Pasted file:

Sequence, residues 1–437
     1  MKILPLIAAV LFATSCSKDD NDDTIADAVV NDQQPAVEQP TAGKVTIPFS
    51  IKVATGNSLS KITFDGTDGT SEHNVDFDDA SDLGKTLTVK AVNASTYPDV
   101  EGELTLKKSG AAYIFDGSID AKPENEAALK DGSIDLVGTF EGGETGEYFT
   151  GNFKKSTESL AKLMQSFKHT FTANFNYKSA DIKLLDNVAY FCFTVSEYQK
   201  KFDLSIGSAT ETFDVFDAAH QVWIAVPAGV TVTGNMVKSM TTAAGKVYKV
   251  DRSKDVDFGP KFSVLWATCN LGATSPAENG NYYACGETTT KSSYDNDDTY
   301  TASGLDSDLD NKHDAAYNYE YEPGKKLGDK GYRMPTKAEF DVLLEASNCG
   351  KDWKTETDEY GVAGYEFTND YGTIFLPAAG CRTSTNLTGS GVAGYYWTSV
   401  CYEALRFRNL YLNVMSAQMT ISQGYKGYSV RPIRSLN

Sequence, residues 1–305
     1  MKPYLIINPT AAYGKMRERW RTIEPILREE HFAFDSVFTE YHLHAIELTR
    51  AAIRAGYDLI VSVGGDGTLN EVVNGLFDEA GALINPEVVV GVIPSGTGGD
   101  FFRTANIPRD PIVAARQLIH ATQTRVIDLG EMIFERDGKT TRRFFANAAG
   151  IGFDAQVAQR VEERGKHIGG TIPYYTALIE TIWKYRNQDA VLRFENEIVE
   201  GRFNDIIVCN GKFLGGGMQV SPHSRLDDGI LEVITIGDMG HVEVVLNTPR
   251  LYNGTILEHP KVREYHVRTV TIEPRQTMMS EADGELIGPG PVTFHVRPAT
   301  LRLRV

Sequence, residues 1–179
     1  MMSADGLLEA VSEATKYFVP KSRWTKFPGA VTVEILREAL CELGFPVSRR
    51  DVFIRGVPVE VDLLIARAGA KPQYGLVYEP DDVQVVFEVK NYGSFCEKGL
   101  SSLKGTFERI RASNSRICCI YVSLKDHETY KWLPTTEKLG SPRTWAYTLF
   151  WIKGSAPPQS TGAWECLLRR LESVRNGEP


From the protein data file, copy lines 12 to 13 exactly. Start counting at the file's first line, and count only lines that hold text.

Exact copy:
     1  MKPYLIINPT AAYGKMRERW RTIEPILREE HFAFDSVFTE YHLHAIELTR
    51  AAIRAGYDLI VSVGGDGTLN EVVNGLFDEA GALINPEVVV GVIPSGTGGD